Saturday’s Gálvez Symposium was a tremendous learning experience. Dr. Moramay Lopez-Alonso and Dr. Gonzalo Quintero Saravia both emphasized the impact of the Enlightenment on Bernardo de Gálvez and the people of the time.
As Viceroy of New Spain, Bernardo de Gálvez was considered by the Creole elite of the city to be a threat to the established order. First, of course, because he came at the orders of Carlos III to impose new taxes and make the empire more efficient. Second, because he, and his father Viceroy Matías de Gálvez before him, had been sent to remove the untrustworthy local Creoles (those Spaniards born in the New World who were more loyal to their native towns than to the king) from lucrative government offices. And third, because of his radical views of the Enlightenment.
Bernardo espoused the new ideas of Reason as proposed by the French, German and English philosophers of the Enlightenment. Among their precepts was the equality of man. It was a radical new idea, and not one the nobility could accept easily. The religious view of hierarchy had set an established order in the society. Just as man was subject to his priests, and they to their king and the king to God, so the social hierarchy did not allow for equality among men. There were serfs and there were nobles. Women and children were always inferior to men, and peasants inferior to upper classes. The ideas of the Enlightenment could not alter this established hierarchy.
For centuries, the Catholic Church had insisted on the responsibility of the nobility to care for their workers or serfs. The idea came from the early Christian Church and the Middle Ages. Just as God cared for his flock, so the King was expected to be the “Father” of his people. One appealed to the King for redress or to receive land or mercy. Serfs and peasants could appeal to their lords for aid. They didn’t always get it, depending on the personality of the noble whom they served, but they could ask.
In Europe, as in the New World, there had always been a sense of noblesse oblige, the duty of the rich to care for the poor. It had been a concept supported by the Catholic Church since its inception. If one accepted these new ideas of equality espoused by the Enlightenment Philosophers (including, heaven forbid, women’s equality), then it was every man for himself and the devil take the hindmost. Nobles no longer had to worry about caring for the poor.
When Bernardo de Gálvez arrived in the New World in 1785, there had been droughts and the crop failures had been devastating. Famine was rampant throughout New Spain. Rather than shrugging off the starving poor as most of the nobility were doing—it was God’s will, after all—Bernardo came to their aid.
The Spanish had always maintained “alhondigas” (I had, by accident, incorrectly used the word albondigas which are actually meatballs) or community granaries where grain was stored for hard times. Corn was sold to the people when it was needed. Bernardo, the scandalous new Viceroy, opened the granaries and used his own money to buy grain to hand out to the poor. While at the Archives in Mexico City, I learned that Bernardo formed a consortium of the wealthy to contribute over $100,000 pesos for the purchase of grain for the poor. The wealthy, evidently, did it grudgingly and didn’t care for having to share their wealth. (My, that sounds familiar!)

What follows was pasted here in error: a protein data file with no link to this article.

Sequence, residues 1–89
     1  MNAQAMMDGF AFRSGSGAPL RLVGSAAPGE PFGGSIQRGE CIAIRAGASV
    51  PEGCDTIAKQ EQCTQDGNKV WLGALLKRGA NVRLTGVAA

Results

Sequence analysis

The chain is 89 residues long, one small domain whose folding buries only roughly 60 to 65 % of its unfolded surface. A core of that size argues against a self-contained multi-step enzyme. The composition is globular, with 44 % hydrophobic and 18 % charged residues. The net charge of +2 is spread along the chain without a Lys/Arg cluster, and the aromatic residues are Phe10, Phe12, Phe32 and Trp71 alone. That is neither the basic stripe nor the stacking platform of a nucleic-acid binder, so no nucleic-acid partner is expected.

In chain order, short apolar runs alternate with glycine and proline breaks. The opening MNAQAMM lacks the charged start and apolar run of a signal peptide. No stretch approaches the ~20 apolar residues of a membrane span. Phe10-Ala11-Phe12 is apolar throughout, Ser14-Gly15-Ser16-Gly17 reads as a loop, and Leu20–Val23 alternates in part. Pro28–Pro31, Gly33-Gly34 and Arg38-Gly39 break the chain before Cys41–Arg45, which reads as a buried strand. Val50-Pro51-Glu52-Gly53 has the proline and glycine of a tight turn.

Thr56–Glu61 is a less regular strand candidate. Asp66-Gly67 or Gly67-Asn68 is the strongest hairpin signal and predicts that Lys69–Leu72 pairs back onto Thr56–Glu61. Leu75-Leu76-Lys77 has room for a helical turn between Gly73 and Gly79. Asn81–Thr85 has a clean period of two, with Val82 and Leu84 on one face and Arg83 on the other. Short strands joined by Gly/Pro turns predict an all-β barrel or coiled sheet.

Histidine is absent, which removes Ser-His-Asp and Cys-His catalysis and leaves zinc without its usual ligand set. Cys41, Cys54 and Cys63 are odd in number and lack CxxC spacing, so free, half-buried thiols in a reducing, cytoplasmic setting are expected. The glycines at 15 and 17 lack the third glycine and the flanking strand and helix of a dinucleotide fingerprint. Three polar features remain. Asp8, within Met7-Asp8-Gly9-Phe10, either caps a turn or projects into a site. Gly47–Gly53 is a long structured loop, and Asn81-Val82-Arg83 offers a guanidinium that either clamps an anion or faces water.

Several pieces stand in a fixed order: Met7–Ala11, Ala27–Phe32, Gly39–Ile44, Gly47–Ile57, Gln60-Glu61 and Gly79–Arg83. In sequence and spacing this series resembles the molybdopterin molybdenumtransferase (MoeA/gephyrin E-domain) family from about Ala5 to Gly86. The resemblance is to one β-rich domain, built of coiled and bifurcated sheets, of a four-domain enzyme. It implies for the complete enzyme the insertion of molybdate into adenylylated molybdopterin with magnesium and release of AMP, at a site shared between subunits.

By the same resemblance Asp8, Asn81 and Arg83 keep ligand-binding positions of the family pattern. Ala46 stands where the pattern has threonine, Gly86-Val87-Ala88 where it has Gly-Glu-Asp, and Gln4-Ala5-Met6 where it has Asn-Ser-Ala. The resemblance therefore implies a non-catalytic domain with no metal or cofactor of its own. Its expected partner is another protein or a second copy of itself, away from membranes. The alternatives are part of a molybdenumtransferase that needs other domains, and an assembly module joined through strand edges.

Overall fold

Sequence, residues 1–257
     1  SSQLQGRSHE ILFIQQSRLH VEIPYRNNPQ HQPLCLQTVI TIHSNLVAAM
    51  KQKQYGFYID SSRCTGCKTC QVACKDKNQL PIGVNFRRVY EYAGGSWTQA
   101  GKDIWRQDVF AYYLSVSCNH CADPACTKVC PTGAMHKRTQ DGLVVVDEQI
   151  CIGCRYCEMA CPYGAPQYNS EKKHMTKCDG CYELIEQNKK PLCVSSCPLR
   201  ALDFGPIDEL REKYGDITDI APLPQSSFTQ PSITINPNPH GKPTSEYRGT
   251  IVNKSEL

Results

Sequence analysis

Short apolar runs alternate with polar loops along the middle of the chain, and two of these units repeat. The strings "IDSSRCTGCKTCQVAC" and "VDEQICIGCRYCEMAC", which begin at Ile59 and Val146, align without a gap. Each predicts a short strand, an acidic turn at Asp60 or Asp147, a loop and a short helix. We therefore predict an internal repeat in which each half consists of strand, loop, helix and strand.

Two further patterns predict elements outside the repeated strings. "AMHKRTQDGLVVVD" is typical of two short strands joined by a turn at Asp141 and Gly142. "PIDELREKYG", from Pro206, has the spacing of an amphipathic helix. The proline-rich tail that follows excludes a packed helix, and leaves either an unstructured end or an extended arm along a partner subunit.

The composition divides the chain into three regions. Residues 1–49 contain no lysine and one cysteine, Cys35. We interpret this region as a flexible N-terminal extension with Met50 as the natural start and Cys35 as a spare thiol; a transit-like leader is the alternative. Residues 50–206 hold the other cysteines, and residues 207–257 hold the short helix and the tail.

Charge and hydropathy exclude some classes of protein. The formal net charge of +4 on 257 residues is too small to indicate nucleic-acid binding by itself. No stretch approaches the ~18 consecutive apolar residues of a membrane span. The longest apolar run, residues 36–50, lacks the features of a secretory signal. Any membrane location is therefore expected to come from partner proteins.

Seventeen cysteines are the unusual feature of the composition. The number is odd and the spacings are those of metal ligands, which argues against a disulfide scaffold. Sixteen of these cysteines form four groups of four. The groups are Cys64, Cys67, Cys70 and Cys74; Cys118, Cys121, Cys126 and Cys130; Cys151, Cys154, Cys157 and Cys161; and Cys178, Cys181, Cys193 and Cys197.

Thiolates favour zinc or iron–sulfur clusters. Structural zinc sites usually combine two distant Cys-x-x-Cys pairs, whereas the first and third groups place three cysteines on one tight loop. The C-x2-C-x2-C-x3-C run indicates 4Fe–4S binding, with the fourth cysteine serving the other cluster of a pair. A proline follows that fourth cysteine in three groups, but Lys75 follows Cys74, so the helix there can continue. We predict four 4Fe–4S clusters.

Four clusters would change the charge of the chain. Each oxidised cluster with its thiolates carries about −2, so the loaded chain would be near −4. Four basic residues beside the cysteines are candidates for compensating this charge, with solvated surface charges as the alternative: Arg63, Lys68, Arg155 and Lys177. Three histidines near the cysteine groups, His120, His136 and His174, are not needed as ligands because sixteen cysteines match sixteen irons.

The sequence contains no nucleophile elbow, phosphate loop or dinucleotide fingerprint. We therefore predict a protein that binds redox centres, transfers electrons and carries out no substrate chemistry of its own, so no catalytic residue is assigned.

Bernardo even went to the scandalous extent of suggesting the wealthy should change their habits. They had always flaunted their wealth by having six or even eight horses or mules to pull their carriages. Bernardo tried to lead by example, insisting on only two mules for the Viceregal carriage. His explanation? The animals were eating corn which could better be given to the poor of Mexico. Out of embarrassment, the nobility were forced to give up their animals as well. They didn’t like it. The poor, on the other hand, worshiped Bernardo de Gálvez.
Viceroy Gálvez saved the country by encouraging the planting of crops in areas that did have rain and transferring the food to areas where there was famine. He encouraged everyone to share the burden, and did everything in his power to help the poor. They loved him for it.
The elite, however, saw him as a danger to their way of life. They accused him of completing Chapultepec Castle so he could stage a revolution and make himself King of New Spain. They saw him as a radical revolutionary. Dr. Lopez Alonso even suggested that the nobility may have poisoned him because of his radical ideas. Dr. Quintero disagreed. He said Gálvez died of natural causes from some virus or pathogen he picked up elsewhere. That would make an interesting detective story.
Whichever the case may be, the death of Viceroy Bernardo de Gálvez at only 40 years of age was deeply mourned by the people of Mexico. But the scandalous new ideas of the Enlightenment continued to spread throughout the New World. Within only forty years, they led to the independence movements of Latin America.
So, the nobility may have been right. Bernardo de Gálvez did, indirectly, start the revolutions in Latin America.